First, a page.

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What Is Food Intolerance? Common Myths and Truths: Live Q&A

3 minute read time

Earlier this month we held a live Facebook Q&A, offering a rare opportunity for you to ask an expert in the industry your questions on food intolerance.

In recent years more and more people have become aware of food intolerances, there has been a lot of talk in the media about the rise of free-from foods and even celebrities coming forward about their intolerances. Not only has this led to a surge in people self-diagnosing suspected food intolerance but it has also led to much confusion about the topic. Understanding the need for more information, our live Q&A provided a forum for your questions.

The turnout was fantastic but we appreciate that not everyone could make it – for those of you who missed out we’ve put together a few of the questions we found particularly interesting.

My son (now aged 10) has an intolerance to fish. When weaning him as a baby if he had cod he would start being sick a few hrs after and would continue till it had left his system. He has eaten it since approx. 6/7 months old. What I would like to know is would it be dangerous to try it now?

It is hugely unlikely that your son would have an anaphylactic reaction as the only signs he has shown in the past were of intolerance rather than allergy. The two are very different. Why not re-introduce fish in a tiny dose, say mashed into some potato and if there is no reaction increase the amount next time. Fish is a healthy part of a balanced diet and considered brain food for children so missing out on it would be a shame.

I am intolerant to egg. Is it true the flu jab is injected into egg? Also in some anaesthetic?

The amount of egg membrane protein in a flu jab is infinitesimally small so as food intolerance is dose related it is highly unlikely that you’ll need to worry about having a flu vaccination.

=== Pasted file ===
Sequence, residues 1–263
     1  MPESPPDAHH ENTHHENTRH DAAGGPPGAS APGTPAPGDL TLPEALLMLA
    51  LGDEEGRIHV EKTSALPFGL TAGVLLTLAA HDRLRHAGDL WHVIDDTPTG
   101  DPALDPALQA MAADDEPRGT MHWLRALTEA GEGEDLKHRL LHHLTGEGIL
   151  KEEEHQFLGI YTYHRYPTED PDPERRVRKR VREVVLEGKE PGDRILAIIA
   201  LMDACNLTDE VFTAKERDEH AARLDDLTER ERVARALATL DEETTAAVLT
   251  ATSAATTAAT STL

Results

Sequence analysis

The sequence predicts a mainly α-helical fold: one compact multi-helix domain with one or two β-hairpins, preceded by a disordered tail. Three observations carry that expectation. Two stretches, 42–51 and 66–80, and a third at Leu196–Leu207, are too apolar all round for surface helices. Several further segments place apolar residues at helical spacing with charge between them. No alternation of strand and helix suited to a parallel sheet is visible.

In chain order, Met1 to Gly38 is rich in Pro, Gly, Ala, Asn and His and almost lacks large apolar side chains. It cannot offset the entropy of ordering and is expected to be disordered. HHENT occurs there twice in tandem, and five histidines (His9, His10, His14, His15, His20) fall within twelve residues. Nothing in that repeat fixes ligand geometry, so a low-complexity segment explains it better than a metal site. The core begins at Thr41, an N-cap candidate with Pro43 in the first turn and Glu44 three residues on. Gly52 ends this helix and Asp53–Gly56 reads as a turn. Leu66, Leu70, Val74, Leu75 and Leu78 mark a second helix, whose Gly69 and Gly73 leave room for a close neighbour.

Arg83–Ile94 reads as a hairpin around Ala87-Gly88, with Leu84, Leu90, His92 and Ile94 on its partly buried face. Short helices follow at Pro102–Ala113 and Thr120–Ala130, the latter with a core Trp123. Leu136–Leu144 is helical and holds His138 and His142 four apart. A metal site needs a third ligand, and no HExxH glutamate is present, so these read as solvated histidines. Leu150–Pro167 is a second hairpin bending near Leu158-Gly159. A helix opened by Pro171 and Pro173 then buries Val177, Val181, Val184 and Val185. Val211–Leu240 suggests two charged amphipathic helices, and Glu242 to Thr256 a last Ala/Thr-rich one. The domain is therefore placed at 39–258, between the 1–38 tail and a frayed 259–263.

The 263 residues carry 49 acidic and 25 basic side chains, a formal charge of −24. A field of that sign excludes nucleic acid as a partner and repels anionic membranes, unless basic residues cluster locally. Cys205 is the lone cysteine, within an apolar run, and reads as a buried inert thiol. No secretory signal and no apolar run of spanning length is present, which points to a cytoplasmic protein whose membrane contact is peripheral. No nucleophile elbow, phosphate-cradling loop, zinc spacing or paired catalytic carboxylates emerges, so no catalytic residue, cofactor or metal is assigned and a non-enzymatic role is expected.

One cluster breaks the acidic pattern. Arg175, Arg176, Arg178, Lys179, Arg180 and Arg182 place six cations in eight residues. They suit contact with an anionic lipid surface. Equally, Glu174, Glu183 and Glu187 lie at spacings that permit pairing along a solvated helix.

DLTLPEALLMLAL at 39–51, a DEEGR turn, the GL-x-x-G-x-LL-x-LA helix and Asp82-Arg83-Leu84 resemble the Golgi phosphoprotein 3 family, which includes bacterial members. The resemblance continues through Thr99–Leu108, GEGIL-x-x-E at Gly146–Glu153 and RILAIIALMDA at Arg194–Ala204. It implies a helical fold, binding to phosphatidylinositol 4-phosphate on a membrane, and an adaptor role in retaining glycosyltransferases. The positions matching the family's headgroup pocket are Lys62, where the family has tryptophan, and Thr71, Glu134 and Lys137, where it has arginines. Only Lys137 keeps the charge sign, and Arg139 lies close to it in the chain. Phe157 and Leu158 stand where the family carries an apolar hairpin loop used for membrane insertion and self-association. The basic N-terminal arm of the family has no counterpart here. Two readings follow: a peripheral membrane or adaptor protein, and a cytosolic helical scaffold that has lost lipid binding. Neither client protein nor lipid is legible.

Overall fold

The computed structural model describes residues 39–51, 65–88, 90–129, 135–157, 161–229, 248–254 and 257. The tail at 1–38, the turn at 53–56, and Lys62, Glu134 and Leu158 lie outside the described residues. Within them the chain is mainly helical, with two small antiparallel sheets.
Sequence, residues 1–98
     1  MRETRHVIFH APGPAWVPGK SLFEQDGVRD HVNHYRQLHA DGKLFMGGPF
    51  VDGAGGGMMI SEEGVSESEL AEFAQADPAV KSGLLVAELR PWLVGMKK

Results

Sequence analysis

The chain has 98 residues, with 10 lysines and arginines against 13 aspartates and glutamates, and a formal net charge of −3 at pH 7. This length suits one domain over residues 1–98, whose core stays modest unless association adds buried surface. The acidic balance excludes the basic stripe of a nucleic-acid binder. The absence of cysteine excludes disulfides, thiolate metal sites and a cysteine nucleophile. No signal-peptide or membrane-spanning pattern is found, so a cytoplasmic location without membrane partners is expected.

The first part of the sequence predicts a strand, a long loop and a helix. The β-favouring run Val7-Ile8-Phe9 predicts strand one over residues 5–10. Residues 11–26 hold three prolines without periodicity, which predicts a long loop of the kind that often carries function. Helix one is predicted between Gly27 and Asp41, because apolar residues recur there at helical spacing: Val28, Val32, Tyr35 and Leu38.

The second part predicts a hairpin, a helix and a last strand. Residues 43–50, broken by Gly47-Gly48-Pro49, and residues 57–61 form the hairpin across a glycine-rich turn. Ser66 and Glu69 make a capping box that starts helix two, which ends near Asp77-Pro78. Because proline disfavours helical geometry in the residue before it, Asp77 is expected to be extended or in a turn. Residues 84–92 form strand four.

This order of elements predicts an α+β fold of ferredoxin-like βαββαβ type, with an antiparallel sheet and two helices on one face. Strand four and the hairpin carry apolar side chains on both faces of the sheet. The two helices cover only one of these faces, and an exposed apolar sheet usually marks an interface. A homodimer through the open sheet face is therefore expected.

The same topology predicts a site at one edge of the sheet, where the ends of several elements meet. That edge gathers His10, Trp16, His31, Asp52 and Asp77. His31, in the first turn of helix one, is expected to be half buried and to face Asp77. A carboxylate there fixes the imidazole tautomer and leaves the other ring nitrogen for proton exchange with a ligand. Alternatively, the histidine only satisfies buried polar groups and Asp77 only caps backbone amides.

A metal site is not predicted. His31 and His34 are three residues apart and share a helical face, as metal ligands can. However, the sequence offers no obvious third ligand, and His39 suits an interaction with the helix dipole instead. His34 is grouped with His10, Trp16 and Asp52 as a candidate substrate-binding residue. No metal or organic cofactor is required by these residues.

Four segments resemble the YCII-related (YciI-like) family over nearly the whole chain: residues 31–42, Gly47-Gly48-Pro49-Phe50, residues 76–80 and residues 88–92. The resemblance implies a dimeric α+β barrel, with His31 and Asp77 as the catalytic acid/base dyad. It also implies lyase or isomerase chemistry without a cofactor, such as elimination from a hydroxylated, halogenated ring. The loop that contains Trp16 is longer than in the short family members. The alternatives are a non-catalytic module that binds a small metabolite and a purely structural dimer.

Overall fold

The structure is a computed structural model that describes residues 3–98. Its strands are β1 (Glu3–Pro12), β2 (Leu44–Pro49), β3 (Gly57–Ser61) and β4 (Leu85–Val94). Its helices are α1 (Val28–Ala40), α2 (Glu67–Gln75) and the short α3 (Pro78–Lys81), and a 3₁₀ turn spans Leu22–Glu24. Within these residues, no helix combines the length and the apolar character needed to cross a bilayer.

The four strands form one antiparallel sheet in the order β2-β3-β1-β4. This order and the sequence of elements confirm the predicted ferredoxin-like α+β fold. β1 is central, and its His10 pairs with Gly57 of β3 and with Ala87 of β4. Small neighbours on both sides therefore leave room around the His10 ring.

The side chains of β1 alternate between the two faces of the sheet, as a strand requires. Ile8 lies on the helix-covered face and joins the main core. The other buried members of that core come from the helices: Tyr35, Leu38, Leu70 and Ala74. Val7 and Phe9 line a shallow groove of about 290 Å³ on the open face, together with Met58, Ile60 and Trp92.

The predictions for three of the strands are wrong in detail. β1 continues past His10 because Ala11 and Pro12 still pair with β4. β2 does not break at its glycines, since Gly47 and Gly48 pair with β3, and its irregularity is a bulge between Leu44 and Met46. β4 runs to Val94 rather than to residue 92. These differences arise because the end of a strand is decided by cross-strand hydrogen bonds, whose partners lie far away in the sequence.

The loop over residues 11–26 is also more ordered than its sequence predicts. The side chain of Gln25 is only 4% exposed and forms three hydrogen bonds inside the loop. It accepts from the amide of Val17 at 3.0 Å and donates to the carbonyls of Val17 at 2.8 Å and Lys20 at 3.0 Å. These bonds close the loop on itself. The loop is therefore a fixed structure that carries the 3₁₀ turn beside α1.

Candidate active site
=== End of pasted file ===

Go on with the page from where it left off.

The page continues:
Would you say tests from blood and hair samples show the same results or is the hair less reliable?

Hair analysis has no scientific basis in diagnosing food intolerance. There are many things that hair analysis can do especially in the area of forensic medicine but it is not scientifically reliable in the field of food intolerance.

I have an intolerance to eggs and yeast. I’m also lacking in calcium. Can you advise how to intake calcium and any advice if avoiding eggs can cause deficiency?

Rich sources of calcium include milk, cheese, and other dairy products and also tofu and green, leafy vegetables. If you like sardines these are an excellent source as well, as is any bony fish. You can easily avoid eggs without compromising your overall nutrition with these other dairy products and green leafy vegetables.

I have a gluten intolerance yet gluten free breads still affect me whereas I seem ok with the non-rising GF breads – pitta and wraps. Could this mean I also have an intolerance to yeast or is it likely to be something else?

It is certainly possible that yeast is triggering your symptoms. You could either have a test for this or exclude it as well as gluten from your diet for 2-3 weeks to see if that makes a significant difference.

I’ve been tested with intolerance to kiwi (I had one anaphylactic shock in the past) does it mean I’m allergic to it? What’s the difference between allergy and intolerance? If I’m barley/malt intolerant can I consume gluten free oats?

There is a very comprehensive explanation of the difference between allergies and intolerances on our website. You can eat gluten free oats if you are intolerant to barley/malt. Oats do not contain gluten but a protein called avenin which is similar to gluten but also there can be cross contamination with oats from crops which contain gluten as they often grow in fields next to each other; so to be safe it is better to buy gluten free oats.

Every so many weeks I get so run down my joints flair up and I’m exhausted and I have to have a day or two in bed yes I have a busy-ish life but there seems to be a pattern and am wondering it it could be anything I eat healthy lots of fruit veg green juices and exercise and take supplements.

Interestingly, the gentleman who founded YorkTest was himself so fed up with aching joints and fatigue that he researched and set up this company specialising in the investigation of food intolerance. Suffice to say that it enabled him to identify the root causes in his diet and his symptoms all settled down permanently. There could of course be other explanations in your case. Certain viruses can cause fatigue and joint inflammation as can auto-immune disorders such as rheumatoid arthritis. See your doctor who can carry out some basic tests and then think of YorkTest’s founder. Get that YorkTest done!

Have you got any more questions about food intolerance? If you think you might have a food intolerance take our Food Intolerance Test which will give you a simple ‘yes or no’ answer. 

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